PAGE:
Your first final at Wembley was ironically against Ray Clemence at Tottenham in the League Cup final. It must have been special?

It was very, very special. Unfortunately Steve Archibald scored the first goal. I saved the first shot, then he rounded me and put the ball back in the net. Then in the second half we came back and stormed into a 3-1 win. It was a great final because it happened to be against my predecessor, Ray Clemence. He just said to me: "Well played and all the very best in the future." He's a great man.

Couple of other games I want to ask you from that season because I know there are a couple of stories involved. Your first derby match at Goodison Park.

I was called the Clown Prince. The "Clown" comes from the Everton fans. The first half I was opposite the Goodison end. Everton were leading at half-time 1-0. When I run on to the field after the break three jesters jumped over the Glawdys street end and give my a big face which said: "Bruce is a clown." They took photographs and they jumped back into the Glawdys street end. I turned the face around against the fence behind the goal. We went on to win the game 3-1. After the Sharp save I turned around and just waved at them. Those three jesters got beaten up afterwards. It was a bit ironic feeling they spurred me on to play one of my best games in a derby game.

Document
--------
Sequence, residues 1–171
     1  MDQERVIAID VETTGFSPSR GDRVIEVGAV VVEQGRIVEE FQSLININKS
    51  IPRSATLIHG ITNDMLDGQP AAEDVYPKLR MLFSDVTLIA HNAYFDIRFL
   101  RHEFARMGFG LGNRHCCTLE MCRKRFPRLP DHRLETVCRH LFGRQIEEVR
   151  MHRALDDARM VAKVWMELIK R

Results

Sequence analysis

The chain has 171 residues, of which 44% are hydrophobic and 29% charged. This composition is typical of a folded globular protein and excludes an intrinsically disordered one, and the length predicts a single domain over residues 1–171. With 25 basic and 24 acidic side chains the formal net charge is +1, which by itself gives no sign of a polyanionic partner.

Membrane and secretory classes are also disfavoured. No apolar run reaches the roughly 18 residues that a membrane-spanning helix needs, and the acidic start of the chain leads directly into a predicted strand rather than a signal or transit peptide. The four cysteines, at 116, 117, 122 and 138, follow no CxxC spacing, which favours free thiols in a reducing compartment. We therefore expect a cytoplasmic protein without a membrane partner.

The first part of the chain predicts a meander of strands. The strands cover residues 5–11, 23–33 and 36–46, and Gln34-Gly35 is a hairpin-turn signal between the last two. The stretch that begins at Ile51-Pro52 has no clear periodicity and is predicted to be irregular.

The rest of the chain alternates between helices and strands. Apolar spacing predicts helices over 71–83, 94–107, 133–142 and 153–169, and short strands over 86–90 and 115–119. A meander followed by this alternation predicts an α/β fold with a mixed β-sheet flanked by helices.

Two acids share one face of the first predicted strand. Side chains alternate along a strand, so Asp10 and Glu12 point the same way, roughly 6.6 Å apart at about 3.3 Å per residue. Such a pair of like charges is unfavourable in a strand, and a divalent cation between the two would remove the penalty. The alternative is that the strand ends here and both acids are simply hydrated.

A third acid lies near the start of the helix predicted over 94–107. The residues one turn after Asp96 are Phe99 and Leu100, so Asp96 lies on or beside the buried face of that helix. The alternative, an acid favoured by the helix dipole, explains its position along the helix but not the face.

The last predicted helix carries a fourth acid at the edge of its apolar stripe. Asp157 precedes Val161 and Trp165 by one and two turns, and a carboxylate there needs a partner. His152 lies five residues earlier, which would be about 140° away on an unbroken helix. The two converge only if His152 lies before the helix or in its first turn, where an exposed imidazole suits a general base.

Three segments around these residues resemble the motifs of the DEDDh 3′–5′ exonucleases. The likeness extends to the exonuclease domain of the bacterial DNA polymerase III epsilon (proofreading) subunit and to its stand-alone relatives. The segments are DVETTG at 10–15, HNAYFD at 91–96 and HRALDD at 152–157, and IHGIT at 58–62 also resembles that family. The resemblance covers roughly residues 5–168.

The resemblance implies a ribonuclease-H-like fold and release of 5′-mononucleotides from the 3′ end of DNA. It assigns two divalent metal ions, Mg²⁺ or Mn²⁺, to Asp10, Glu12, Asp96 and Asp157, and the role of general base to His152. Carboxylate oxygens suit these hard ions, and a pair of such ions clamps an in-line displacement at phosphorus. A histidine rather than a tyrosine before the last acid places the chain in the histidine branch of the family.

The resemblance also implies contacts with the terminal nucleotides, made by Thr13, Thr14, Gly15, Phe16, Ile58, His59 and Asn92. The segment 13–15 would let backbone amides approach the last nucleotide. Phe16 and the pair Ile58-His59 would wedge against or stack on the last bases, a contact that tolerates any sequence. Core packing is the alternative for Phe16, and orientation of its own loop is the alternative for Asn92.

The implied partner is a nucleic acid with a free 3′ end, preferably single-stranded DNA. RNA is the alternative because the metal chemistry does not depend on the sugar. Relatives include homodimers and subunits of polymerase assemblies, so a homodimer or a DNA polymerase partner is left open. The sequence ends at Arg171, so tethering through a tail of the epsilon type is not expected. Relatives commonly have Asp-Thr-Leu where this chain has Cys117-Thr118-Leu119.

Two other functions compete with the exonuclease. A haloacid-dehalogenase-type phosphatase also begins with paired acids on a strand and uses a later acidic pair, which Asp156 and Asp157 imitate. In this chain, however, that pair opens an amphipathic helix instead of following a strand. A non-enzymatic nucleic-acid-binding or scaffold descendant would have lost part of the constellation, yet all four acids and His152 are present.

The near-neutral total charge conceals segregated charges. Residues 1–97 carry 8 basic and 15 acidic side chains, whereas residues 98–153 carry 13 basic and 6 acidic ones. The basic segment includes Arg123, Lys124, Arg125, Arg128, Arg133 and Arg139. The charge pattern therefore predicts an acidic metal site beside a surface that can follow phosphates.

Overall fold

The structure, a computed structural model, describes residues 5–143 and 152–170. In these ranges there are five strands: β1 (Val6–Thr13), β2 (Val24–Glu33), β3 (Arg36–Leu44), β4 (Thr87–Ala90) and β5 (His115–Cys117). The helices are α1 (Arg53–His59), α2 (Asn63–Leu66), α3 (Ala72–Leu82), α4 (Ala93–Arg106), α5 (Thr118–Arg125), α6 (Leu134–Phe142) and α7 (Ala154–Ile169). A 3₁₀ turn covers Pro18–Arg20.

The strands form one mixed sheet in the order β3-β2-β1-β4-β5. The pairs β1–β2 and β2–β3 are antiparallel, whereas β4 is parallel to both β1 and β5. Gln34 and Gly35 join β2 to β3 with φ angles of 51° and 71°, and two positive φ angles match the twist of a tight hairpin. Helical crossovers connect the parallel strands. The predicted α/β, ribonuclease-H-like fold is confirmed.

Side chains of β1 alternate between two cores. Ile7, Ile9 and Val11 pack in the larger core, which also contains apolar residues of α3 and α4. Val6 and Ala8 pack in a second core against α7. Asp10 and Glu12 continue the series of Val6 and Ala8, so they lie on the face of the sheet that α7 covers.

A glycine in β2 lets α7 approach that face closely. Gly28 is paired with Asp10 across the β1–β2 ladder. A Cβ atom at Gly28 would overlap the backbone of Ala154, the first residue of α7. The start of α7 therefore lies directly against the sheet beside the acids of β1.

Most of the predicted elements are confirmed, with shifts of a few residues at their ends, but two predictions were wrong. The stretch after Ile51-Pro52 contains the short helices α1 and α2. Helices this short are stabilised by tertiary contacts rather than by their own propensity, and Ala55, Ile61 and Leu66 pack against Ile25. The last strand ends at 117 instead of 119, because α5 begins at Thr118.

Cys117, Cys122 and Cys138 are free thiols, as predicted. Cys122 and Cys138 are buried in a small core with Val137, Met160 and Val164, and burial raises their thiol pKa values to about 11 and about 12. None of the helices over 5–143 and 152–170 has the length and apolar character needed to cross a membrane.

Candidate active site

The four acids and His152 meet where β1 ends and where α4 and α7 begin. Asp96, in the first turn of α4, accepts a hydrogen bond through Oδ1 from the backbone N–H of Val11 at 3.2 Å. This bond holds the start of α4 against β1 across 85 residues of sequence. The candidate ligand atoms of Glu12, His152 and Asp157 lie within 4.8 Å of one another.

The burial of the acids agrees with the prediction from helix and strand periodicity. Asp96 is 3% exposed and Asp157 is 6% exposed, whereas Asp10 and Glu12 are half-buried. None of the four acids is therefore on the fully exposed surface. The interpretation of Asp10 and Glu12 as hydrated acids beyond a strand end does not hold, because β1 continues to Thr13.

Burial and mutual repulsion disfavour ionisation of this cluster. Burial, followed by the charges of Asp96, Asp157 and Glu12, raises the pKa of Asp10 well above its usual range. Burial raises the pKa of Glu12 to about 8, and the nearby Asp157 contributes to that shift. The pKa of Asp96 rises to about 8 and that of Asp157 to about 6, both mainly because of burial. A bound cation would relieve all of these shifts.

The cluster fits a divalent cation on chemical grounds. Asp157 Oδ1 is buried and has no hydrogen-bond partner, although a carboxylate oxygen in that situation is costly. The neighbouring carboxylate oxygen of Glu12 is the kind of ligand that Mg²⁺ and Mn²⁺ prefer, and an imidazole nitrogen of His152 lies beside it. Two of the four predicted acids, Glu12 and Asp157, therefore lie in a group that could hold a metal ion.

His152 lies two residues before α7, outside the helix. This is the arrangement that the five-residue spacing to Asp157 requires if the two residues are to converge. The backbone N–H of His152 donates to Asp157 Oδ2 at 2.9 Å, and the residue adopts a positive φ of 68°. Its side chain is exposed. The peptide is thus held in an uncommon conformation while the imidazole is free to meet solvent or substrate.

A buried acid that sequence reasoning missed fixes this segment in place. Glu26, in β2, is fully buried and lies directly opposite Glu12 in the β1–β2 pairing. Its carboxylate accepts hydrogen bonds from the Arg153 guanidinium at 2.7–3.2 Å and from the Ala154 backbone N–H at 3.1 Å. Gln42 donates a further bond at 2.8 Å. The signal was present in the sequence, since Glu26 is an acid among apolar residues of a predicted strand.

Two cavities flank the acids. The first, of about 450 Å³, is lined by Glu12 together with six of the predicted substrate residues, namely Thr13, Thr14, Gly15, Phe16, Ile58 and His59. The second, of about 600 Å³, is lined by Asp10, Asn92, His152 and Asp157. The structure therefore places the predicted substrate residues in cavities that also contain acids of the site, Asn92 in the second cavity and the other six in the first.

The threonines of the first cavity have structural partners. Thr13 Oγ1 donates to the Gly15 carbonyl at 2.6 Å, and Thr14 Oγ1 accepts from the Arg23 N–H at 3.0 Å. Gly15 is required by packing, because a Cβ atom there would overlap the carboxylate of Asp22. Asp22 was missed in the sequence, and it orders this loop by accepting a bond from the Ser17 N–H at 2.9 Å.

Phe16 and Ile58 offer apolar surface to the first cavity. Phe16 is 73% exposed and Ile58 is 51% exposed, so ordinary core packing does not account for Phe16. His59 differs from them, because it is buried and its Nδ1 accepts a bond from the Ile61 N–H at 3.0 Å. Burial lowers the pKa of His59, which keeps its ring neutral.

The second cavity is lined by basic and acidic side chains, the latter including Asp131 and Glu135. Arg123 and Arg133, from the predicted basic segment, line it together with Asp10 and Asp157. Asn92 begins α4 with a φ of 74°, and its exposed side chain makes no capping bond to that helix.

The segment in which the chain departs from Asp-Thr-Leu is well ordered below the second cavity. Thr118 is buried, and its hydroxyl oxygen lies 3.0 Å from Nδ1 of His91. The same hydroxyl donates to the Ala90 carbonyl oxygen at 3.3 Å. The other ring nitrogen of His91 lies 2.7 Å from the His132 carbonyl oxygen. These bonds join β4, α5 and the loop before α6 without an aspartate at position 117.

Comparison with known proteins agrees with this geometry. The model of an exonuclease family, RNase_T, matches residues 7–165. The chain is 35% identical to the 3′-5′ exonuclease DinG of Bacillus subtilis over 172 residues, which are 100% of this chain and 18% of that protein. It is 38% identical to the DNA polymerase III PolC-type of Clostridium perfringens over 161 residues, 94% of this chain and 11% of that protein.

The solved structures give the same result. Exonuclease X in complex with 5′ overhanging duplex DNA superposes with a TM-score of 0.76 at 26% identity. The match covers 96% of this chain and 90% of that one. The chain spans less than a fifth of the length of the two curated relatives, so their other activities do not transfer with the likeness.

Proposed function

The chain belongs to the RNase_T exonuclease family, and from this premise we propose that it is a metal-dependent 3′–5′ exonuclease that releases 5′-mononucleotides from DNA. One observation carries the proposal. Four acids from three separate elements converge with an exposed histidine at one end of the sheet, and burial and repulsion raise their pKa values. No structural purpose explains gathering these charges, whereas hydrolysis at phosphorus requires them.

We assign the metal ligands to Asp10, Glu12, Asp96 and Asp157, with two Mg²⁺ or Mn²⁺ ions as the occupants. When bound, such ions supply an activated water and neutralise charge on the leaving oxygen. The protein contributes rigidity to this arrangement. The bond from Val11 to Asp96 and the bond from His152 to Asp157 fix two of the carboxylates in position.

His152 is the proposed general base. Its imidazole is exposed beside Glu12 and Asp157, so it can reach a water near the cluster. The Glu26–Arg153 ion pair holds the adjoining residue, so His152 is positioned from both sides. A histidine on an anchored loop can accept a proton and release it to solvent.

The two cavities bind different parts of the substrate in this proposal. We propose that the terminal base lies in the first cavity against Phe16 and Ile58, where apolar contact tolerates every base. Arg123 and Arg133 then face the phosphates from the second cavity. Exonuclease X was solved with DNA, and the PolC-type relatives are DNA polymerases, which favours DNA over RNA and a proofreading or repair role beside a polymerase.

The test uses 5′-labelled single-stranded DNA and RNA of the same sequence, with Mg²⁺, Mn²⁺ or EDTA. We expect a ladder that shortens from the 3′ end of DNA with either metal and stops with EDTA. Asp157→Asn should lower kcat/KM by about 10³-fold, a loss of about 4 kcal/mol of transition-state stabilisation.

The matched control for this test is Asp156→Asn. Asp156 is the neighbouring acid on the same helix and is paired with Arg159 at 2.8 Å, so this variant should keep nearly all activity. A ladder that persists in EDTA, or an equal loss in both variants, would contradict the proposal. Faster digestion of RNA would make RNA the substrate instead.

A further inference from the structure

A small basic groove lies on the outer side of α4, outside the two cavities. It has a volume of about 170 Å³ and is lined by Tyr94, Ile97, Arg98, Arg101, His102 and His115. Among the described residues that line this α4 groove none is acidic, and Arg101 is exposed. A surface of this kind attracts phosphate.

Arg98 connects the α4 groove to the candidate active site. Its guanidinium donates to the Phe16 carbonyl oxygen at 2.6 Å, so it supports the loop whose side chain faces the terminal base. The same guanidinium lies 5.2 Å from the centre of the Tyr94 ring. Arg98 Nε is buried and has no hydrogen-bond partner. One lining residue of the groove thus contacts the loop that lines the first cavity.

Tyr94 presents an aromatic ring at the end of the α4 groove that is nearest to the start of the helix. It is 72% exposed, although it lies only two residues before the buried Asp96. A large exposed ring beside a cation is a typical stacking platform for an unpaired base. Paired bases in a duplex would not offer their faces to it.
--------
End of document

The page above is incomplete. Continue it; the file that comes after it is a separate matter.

You no doubt endeared yourself to every Liverpool supporter by saving a penalty at Old Trafford. Unconventional way to work out how Frank Stapleton was going to put that penalty.

That was a very bizarre way to find out where he put it because we went into the dressing room and my routine takes me into an area nobody else goes. I was sitting there reading the programme. In the programme there was a sequence of photographs of where Frank Stapleton put his last home penalty. I took this on board and I thought nothing of it. Sure enough they got a penalty. There goes Mr. Frank Stapleton to take the penalty. I shimmied the opposite way and then I went the way they showed me in the book and I managed to save the penalty.

The season finished with your first League championship...

We ended up winning the League with a game to spare with three points. We won the League on the Saturday and we had to play this game on Monday or Tuesday against Middlesbrough. We went to Middlesbrough and we didn't actually go to relax. We had a few beers at lunchtime, we played the game in the evening and we drew 1-1 [editor correction: 0-0]. They were quite horrified at the touchline that when we took the throw-ins we took drinks from a little cup. It was whisky. The boss and Joe Fagan were celebrating on the bench with a little scotch on the side. It was a very nice comfortable feeling.

How did you settle into life at Merseyside off the pitch?